the gibbon experience review

The Gibbon Experience Review – Is it a Must or a Bust?

gibbon experienceWaking up in the morning to gibbons singing in the treetops of Nam Kan National Park is an experience I’ll never forget. To rise from our “bed” (aka floor mat) 60 feet up in a tree, looking through the mist covered jungle canopy to find a family of these majestic primates swinging from tree-to-tree was a sight to behold. Watching them move with such grace against the otherwise still jungle backdrop was simply magnificent, and a moment only The Gibbon Experience can offer.

This is all made possible with a series of zipline-connected treehouses built into the jungle canopy. It’s a chance to zipline, camp out, and get a peek at elusive wildlife. However, on the backpacker route, it carries a very high price tag both for time invested and in money out of your pocket. Despite the Gibbon Experience’s commitment to conservation and employment of indigenous people, in my opinion, the cost is too high.

The Gibbon Experience offers 3 tour options. All tours are led by local guides from the nearby villages and tribes.

gibbon experienceThe Classic 3day/2night: Easy trekking, ziplines, and 2 nights in a treehouse.

The Waterfall 3day/2night: More trekking to the waterfall deeper in the jungle. You get to stay in the furthest and possibly coolest treehouse.

The Express 2day/1night: A shortened version of the Classic that gets you to some, but not all of the ziplines, plus a night in a treehouse.

We did The Classic tour.

The program works like this:

Day 1: Check in at their offices in Huay Xai, a small town set on the Mekong River. There you pay, store your luggage, then hop in transport, for an hour drive out to the National Park. This is a rough ride in the back of a truck to a rural village. From there you set out on a 90 minute trek to reach the first zipline. The zipline network includes several platforms and totals 15kms in cable length, with the longest stretch of cable measuring around 600m.

After a short briefing on how to operate your harness and zipline, you’re on your way, flying through the treetops until you reach your treehouse.  Once your group is settled, the guide leaves you with free time and the option to relax in the treehouse or head back out on the ziplines on your own. In the early evening, your guide will return via zipline, packing dinner for the whole group. After dinner the group is to remain in the treehouse for the rest of the night.

gibbon experienceDay 2: Wake early to the calls of gibbons. Head straight for the railing to see if there’s any action in the trees. After your zipline-delivered breakfast, set out with your guide for more ziplining (with some short hikes in between). This gives you a chance to see the full expanse of the zipline network and the other treehouses. After zipping around all morning, you’ll return to your treehouse for lunch, followed by free time, then dinner…essentially the same as the previous afternoon.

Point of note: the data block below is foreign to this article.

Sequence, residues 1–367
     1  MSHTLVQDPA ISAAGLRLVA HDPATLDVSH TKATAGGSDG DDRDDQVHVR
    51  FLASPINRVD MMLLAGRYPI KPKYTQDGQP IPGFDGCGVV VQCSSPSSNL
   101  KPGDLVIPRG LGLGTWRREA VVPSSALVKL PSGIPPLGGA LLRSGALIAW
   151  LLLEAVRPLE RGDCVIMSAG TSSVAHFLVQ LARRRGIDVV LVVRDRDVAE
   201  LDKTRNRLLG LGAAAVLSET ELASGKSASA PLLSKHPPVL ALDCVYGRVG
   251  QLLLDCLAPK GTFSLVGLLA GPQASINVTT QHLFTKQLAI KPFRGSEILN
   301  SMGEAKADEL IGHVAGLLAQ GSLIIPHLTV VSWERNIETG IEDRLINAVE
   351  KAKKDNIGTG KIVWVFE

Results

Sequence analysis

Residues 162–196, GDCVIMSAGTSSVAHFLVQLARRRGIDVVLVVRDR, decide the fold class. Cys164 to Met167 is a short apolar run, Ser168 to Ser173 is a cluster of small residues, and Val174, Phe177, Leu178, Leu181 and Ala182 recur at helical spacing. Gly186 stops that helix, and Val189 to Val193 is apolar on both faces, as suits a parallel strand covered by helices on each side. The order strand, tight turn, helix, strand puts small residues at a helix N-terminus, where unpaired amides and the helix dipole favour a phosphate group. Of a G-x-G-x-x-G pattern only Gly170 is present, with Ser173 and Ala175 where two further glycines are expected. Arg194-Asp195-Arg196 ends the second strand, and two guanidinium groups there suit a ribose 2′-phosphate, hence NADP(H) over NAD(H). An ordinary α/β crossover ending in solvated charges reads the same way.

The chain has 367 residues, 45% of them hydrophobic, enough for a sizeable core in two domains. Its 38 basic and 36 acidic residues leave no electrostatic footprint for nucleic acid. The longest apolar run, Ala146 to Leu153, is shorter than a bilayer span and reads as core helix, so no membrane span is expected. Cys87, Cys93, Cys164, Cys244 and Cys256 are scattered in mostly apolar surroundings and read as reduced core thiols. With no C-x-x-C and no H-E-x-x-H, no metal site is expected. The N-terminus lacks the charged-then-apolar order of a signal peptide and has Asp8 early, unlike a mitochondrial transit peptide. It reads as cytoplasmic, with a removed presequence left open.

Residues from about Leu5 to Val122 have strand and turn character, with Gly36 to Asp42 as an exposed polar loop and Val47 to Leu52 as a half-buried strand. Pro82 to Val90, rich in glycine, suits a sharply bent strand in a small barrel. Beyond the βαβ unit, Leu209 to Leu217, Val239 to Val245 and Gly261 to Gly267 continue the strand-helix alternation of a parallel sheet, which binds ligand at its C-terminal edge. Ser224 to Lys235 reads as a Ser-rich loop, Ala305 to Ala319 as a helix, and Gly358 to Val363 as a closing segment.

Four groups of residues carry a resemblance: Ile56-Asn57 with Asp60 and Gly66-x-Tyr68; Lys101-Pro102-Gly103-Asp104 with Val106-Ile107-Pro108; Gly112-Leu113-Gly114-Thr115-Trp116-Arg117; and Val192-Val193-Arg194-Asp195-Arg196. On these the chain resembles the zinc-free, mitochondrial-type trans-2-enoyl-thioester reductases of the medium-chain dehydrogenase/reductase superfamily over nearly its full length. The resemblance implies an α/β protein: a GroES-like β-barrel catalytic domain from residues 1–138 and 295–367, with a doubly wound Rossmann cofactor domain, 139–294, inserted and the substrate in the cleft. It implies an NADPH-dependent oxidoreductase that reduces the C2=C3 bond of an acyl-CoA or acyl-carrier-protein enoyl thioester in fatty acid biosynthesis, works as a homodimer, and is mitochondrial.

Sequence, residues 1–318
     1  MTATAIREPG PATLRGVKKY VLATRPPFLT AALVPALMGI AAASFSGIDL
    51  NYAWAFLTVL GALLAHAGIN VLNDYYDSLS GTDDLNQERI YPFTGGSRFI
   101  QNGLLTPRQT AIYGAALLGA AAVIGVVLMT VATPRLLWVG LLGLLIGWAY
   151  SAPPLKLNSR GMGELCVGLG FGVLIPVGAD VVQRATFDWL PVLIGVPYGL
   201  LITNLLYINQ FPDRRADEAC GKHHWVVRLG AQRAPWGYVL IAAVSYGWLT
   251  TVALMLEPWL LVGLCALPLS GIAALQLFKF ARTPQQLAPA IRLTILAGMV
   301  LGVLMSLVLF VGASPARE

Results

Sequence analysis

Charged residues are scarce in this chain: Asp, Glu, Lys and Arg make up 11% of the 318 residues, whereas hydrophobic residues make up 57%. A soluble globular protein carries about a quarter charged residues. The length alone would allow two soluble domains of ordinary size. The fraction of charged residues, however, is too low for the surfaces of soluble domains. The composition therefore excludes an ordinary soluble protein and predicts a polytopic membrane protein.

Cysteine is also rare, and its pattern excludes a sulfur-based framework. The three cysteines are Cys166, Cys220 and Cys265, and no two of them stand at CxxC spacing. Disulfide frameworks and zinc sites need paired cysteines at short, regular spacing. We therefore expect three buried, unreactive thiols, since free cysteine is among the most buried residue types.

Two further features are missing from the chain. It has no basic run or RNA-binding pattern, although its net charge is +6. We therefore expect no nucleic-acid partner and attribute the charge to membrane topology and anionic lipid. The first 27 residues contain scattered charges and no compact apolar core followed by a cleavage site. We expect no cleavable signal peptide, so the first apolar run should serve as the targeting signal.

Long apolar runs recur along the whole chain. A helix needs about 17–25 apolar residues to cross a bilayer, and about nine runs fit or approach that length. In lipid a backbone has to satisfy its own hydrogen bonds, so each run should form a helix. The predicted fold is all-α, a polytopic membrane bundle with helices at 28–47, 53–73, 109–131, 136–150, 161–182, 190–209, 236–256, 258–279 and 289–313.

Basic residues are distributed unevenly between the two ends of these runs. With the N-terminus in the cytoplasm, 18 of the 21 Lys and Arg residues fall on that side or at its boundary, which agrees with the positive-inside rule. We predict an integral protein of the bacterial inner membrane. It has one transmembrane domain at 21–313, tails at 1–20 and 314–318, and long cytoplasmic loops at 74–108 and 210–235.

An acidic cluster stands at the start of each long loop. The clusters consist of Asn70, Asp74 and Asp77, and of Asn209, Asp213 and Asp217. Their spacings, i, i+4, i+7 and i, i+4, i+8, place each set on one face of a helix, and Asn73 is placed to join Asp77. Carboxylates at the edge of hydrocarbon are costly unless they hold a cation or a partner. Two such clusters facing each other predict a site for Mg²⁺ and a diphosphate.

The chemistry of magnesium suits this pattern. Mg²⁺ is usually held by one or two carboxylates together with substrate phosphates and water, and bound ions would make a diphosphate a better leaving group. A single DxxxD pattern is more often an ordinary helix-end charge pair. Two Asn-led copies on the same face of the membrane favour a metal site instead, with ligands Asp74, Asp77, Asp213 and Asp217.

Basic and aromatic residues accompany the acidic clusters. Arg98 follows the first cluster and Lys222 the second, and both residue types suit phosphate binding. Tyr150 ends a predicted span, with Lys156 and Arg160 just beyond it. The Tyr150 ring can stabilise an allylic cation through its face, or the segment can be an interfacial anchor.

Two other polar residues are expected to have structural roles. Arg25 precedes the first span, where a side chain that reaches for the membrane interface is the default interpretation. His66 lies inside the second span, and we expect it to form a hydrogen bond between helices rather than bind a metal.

Day 3 – Eat breakfast, pack up, head back on the ziplines, return your gear, and hike back to the village. Form the village you hop in the truck and head back to Huay Xai to collect your things.

Overall, it’s a great 3 days. The treehouses are pretty damn cool, but if you don’t love ziplining, heights, or so-so cuisine, this tour isn’t for you.  With the cost coming in at around $100/day (rates vary depending on tour and season), it’s a huge chunk of a backpacker’s budget.  If you’re going to commit to this price point, you want to see it all, but that depends on luck. If you get to see gibbons, it’s absolutely worth it. Seeing the wildlife is key.

Another pitfall of The Gibbon Experience is how long it takes to get to get there. We took a rather uncomfortable 14 hour overnight bus from Luang Prabang. Huay Xai doesn’t have much else on offer, so it’s hard to justify all that travel time, just to do the tour then turn back around. I would only recommend doing the Gibbon Experience if you are crossing the Thai border via Huay Xai. At least then you’re not going out of your way. 

Another bummer is the lack of access to anything. Now, I wasn’t expecting a 7/11 down the tree, but most tours, even in remote settings, have an cooler with treats for sale. The Gibbon Experience encourages you to take as little as possible to ensure a good time ziplining. What they don’t tell you is that you will be spending a ton of time in a confined area with a group of strangers (60 feet off the ground!!!). A few beers amongst backpackers would make this situation a little more pleasant. Thankfully we always have a deck of cards with us. Otherwise, we would have been hurting for entertainment amongst the group. I feel like I should also state that the treehouses, while comfortable, are rustic and some of the sleeping scenarios could be considered, “creative”.

While I don’t think it is a total bust, my Gibbon Experience Review is that it is NOT a MUST! Sure, I got to see and hear gibbons. And yes, I enjoyed the ziplines and the treehouse, but I didn’t need to do it for 3 days. I like what they’re doing to promote conservation of local wilderness, but that’s not worth 2 days of travel. So, if you have time and money, or are passing through, sure…do The Gibbon Experience. While you’re not guaranteed to see gibbons, the ziplines are a lot of fun. And you are guaranteed to spend a lot of money for a sleepover in a tree.  


Have you done it? Share your Gibbon Experience Review in the comments below.

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